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A Study on the Relationship between Loan Portfolio Concentration and Bankruptcy in Savings Banks

Hakkon Kim;Kwangwoo Park;Seungkon Oh

Asian Review of Financial Research :: Vol.32 No.1 pp.125-148

Abstract
A Study on the Relationship between Loan Portfolio Concentration and Bankruptcy in Savings Banks ×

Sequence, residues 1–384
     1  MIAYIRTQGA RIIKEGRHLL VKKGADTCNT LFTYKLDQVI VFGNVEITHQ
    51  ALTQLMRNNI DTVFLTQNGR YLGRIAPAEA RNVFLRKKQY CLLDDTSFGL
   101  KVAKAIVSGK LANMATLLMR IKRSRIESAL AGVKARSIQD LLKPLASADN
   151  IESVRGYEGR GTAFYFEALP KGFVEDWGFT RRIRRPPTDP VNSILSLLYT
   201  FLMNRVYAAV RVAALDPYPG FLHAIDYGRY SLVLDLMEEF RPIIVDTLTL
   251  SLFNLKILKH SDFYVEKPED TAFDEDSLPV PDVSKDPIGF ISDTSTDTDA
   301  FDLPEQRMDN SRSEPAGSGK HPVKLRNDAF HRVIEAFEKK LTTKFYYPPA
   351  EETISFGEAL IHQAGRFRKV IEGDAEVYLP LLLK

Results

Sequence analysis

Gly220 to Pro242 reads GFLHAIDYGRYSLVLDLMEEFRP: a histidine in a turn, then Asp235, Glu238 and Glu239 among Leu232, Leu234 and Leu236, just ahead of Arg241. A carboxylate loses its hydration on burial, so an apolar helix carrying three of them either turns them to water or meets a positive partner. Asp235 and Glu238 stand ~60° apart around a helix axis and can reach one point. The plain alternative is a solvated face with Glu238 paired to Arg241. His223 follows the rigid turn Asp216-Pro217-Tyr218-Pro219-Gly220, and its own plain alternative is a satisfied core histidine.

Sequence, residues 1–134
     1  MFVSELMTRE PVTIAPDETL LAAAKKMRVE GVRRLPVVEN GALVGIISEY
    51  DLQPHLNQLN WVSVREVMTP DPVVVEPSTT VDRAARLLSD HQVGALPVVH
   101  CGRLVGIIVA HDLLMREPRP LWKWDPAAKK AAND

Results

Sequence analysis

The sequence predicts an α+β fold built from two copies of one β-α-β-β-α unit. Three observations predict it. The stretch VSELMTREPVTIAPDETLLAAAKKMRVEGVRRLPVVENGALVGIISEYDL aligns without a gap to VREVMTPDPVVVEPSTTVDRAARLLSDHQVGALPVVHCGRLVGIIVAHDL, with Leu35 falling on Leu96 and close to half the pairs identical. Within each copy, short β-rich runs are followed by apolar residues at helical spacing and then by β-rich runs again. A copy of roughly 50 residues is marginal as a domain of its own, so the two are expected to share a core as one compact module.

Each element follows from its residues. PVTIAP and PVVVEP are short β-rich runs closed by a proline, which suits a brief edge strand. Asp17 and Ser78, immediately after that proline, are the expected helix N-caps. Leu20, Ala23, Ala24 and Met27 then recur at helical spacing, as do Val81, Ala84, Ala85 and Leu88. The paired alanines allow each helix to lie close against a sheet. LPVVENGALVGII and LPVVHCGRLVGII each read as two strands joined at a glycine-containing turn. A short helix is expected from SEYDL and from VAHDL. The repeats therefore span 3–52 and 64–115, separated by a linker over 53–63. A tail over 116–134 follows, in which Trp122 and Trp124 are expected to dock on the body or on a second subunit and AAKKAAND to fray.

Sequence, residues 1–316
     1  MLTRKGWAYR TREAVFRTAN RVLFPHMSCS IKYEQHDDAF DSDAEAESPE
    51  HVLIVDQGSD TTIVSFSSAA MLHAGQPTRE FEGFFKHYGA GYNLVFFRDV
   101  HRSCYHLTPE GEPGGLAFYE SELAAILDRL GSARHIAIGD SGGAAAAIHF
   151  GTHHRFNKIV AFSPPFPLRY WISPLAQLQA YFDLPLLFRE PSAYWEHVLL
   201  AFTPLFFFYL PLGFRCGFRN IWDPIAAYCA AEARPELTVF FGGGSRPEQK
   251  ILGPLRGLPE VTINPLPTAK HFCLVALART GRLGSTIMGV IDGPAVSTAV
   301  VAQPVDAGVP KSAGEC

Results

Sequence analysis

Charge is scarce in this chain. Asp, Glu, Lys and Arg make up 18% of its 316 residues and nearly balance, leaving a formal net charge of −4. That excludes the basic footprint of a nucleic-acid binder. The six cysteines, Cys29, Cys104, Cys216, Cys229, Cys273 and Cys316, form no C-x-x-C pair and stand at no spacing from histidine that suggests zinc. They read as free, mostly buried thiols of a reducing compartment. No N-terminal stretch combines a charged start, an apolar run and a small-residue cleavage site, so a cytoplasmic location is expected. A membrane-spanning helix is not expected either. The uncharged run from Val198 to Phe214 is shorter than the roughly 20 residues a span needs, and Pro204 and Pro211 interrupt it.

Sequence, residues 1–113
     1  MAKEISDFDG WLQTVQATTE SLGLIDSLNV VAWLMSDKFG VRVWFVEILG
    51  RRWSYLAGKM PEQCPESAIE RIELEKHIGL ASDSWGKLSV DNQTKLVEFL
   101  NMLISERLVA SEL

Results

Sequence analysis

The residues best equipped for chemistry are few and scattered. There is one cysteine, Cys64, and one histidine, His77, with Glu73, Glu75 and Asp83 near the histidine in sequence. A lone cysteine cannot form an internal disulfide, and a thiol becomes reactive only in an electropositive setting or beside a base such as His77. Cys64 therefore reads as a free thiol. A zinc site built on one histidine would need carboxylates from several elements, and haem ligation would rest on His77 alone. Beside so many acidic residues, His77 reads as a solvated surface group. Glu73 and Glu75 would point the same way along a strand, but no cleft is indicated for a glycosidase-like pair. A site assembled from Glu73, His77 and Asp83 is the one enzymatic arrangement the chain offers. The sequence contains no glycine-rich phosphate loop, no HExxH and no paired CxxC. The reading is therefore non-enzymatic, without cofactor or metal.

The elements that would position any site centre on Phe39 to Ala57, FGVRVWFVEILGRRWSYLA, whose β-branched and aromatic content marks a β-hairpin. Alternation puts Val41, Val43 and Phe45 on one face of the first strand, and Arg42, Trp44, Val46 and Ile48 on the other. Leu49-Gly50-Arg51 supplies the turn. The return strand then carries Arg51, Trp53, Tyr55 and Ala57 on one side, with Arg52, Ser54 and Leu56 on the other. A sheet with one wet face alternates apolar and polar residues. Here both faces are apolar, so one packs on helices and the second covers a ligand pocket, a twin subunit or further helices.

Until recently, the loan portfolios of savings banks in Korea have tended to concentrate on project financing with higher risks than the conventional loan portfolios of commercial banks. However, these concentrated loan portfolios and other disruptive behaviors led to massive bankruptcies among savings banks in 2011. In the past, many savings banks have experienced a similar bankruptcy process, largely due to the expansion of saving banks' assets through mergers, high risk project financing loan projects, the illegal acts of large shareholders and executives, and the increasing loan concentration of high risk lenders. In particular, the concentration of real estate-related loans became a major management risk factor for savings banks in the 2000s, particularly in the deteriorating operating environment caused by the collapse of the real estate market after the global financial crisis. Furthermore, saving banks' dependence on high-risk loans, such as project finance loans and unsecured personal loans, has intensified in recent years. This is a major factor in the failure of Korean savings banks in the event of external economic shocks. However, due to the limited data collection issue, only a few empirical studies have considered the relationship between the loan concentration ratio of savings banks and bank insolvency. The backdrop to the 2011 insolvency crisis of the savings banks is their large-scale growth and organizational change into a business group, which progressed rapidly up until 2010. Although mergers between savings banks were limited before December 2005, savings banks were already experiencing financial distress at that time due to the household credit crisis in 2003. The number of large savings banks with an asset size of over 1 trillion Korean won increased from 6 in June 2005 to 29 by the end of 2010. As of June 2010, 31 subsidiaries had been opened by 11 savings bank groups. The expansion and integration of these savings banks led to aggressive top-line expansion strategies, including high-risk lending operations and expansions. Over the 2011 to 2017 period, the average total assets of savings banks declined between 2011 and mid-2014 due to the failure of 31 savings banks after 2011, but the assets of the remaining savings banks rapidly increased after 2014. Research on savings bank credit concentration has been limited due to the lack of data, and most recent studies have analyzed only commercial banks or specific types of loans. Beck and Jonghe (2013) described the positive effects of loan concentration on commercial banks. The authors argued that commercial banks accumulate sufficient knowledge and experience in the field by focusing on loans to specific sectors over many years. This suggests that banks improve their ability to inspect and supervise loans and can reduce potential risks by identifying and addressing credit-related issues in a timely manner. Tabak, Fazio, and Cajueiro (2011) also argued that the concentration of lending to specific sectors in Brazilian banks shows that banks can enhance supervision, increase expertise in those areas, and lower bank risk while improving profitability. In this paper, we empirically examine the impact of concentrated loan portfolios on bank failures using the methodology of logistic regression. Our analysis shows that for saving banks the more concentrated the loan portfolio and the larger the number of mega loans (i.e., loans above 1 billion won), the higher the likelihood of failure. We also find that the more loans to relatively high risk borrowers and to borrowers with lower credit ratings in both the corporate and household sectors, including project financing and unsecured personal loans, the higher the probability of failure. However, mortgages with relatively good collateral turn out to have a significant negative relationship with savings bank insolvency.